Dunedin MPs are in a dogfight over Air New Zealand's
decision to cut a daily flight between the city and Auckland.
This week the Otago Daily Times reported the airline
had cut its only evening flight between the cities, angering
some in the business community.
Dunedin North MP David Clark and Dunedin South MP Clare
Curran said the move showed Dunedin was becoming a backwater
for air services.
However, Dunedin-based National list MP Michael Woodhouse
said yesterday their comments were ''noisy, late and totally
wrong, in respect with what Air New Zealand was doing and
Mr Woodhouse released a January 15 letter to the Air New
Zealand chief executive revealing he had been aware of the
proposed domestic changes, and seeking an explanation.
Those changes mean that from next month the evening flight,
which leaves Auckland at 7pm and arrives in Dunedin at 9pm,
The last direct flight of the day will depart Auckland at
In his letter Mr Woodhouse mentioned the impact the
rescheduling would have on travellers, particularly business
''Unlike what Dr Clark is saying, this has absolutely nothing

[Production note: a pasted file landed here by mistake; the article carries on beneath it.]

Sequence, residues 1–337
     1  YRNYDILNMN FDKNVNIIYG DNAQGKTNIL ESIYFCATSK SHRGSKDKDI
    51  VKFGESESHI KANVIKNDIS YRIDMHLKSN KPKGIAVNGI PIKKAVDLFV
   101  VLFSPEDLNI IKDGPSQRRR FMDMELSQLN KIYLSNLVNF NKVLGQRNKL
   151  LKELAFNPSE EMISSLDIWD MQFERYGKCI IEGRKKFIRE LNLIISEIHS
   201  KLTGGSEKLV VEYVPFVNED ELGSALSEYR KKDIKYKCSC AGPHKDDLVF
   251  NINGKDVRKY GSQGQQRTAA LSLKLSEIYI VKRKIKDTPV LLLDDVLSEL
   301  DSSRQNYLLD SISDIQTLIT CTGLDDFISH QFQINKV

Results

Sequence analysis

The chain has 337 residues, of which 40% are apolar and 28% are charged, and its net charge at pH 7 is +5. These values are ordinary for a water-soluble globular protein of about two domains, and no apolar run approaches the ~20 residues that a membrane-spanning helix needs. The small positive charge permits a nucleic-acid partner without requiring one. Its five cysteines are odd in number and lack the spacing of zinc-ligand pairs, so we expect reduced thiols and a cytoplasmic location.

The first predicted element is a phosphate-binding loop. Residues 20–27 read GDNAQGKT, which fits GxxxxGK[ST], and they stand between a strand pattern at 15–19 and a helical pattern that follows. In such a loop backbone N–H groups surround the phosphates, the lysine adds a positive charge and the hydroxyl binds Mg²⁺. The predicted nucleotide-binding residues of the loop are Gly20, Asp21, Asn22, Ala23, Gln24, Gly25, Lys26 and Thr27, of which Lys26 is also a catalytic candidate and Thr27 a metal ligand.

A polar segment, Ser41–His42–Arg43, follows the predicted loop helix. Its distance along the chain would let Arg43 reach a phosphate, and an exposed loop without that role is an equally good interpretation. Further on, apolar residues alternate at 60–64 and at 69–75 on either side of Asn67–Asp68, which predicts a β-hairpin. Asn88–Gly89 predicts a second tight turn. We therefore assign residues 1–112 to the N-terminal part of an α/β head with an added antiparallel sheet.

to do with Air New Zealand's faith in Dunedin, or
Government's support for it.
"This is a simple scheduling challenge which, I think, will
be bad for Air New Zealand's business and bad for business
travellers wanting to spend a day in either city and then
return home to their home destination.''
Air New Zealand responded to his letter by saying it was an
aircraft availability issue, and it was looking into his
''For Dr Clark to start beating up the Government on this was
just opportunistic nonsense.''
Dr Clark told the ODT that Air New Zealand was reading
''market signals and can see the Government is withdrawing
infrastructure from the regions, with a two-speed economy
Ms Curran said ''Dunedin cannot, and should not, risk
becoming a backwater for air services''.
Asked what Labour would be doing differently if it won the
election, she replied a regional development strategy was
''Evidence by the demise of Hillside, by the imminent demise
of Invermay ... the signals are all that Dunedin is not seen
as an important region in the country.''
Ms Curran deflected a question on whether she supported
underwriting regional flights, but replied she wanted to know
what was behind Air New Zealand's decision.
In a briefing last week, Air New Zealand officials described
the city as, ''last cab off the rank'' in regards to the
changes in fleet from 737s to A320s, she said.
That change from Boeing 737-300 (133 seats) to Airbus A320
(171 seats) compared with the reduction in flights meant
total capacity had gone down about 10%.
An Air New Zealand spokesman said the airline ''frequently
adjusts schedules across the domestic network to match
A Jetstar spokesman said Jetstar offered more than 2500 seats
each week between Dunedin and Auckland, and had no plans to
expand its daily A320 Auckland-Dunedin services.